___________
“Be clever, Ariadne! ...
You have little ears; you have my ears:
Put a clever word in them! —
Must one not first hate oneself, in order to love oneself? ...
I am your labyrinth ...”.  -N

“A man is not great if he is not small, and he is not small if he is not great. Concepts flirt with the loss of their significance in the oscillation between ambiguous states, and this is in part the function and purpose of concepts.” -Primer on Meaning
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PostSubject: Re: Christological    Christological  Icon_minitimeMon Oct 10, 2016 11:07 am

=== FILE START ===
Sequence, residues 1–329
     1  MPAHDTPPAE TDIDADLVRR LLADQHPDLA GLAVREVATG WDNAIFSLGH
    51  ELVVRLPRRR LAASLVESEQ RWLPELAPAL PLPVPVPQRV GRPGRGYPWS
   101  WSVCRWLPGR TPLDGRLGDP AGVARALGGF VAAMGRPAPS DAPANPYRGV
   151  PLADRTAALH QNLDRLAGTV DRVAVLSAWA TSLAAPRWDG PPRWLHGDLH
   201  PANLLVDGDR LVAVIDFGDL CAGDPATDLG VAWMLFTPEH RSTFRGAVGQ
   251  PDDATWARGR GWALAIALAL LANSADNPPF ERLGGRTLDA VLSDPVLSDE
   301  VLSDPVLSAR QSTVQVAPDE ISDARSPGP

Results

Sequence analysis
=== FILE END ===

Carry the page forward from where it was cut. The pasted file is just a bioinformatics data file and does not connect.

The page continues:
His point is that we should defend Europe and US against this contemporary critique that goes something like "Europe/US are oppressive colonial powers of hegemony that tyrannize "local peoples" and cultures", we shouldn't defend the imperialism but we should defend the Christological gap within the proper human subjectivity, a gap that always makes utopian perfection whether as the naive communist idea or as corporate fascism impossible.